I first read a Toni Cade Bambara story in like 4th or 5th grade with “Raymond’s Run”. This kind of thing happens a lot, where because the story is narrated by a child and the characters are children (a brother and sister) it’s presumed that it’s for children. The rest of the collection of stories, Gorilla My Love, definitely shows that this was not really for children. Reading the rest of the collection in college, I furthered my feeling of who I thought Toni Cade Bambara was based on that collection. The stories are good, and the read a lot more “mid-century American” then the other of her books would really show. So I had this limiting and limited sense of who she was as a writer.
Both this book and her 1995ish novel Those Bones are Not My Child show something very very different. That book dealt with a community grief and trauma of the Atlanta child killings in 1980, while also placing that grief within the context of post radical era paranoia and politics.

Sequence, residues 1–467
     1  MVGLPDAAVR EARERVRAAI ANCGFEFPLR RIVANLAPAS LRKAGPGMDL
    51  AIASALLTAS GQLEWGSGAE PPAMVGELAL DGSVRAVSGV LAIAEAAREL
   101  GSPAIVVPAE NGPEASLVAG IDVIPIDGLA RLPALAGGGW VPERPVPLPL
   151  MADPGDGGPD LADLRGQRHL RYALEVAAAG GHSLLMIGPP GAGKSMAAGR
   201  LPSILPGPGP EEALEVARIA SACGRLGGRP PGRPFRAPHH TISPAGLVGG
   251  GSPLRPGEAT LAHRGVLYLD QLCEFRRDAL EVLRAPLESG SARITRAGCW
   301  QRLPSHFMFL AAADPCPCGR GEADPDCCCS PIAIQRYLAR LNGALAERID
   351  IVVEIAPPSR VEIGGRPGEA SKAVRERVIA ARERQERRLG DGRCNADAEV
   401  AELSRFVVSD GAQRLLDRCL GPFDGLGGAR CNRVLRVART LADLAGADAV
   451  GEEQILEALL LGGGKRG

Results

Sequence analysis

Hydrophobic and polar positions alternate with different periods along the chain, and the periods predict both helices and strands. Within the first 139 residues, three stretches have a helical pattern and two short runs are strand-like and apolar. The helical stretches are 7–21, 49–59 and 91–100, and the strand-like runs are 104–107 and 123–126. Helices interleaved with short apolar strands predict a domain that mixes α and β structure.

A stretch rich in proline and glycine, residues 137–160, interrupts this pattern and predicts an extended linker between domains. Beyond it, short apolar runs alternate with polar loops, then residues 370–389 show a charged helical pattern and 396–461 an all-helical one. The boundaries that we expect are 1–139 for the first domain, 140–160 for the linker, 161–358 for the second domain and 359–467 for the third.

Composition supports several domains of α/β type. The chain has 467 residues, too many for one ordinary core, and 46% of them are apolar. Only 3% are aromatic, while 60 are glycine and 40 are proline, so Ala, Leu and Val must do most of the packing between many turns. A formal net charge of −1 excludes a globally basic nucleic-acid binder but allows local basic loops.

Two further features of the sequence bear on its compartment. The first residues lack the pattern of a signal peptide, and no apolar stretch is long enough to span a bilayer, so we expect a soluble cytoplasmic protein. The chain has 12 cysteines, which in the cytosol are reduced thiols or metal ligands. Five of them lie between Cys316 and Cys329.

This novel does something different, although written during the late 1970s, where it tries to reckon with the exhaustion and grief of post-Civil Rights era of the late 1960s (I am thinking of course of more Black Panther and Black Arts more than the specific figures of the Civil Rights movement). We have a community of healers, but rather than being a kind of ascetic or mystic group ala an earlier period of American history/literature, it’s a much more modern group, with massage, alternative medicine, and holistic practice. The novel is also peppered with contemporary references throughout, really showing the attempts to carve out a new future from the present, and with a shaky feeling about the past. The novel is much more intense and less, well, historical feeling than I thought it was going to be. In a lot of ways, it ends up being a very 1980s novel.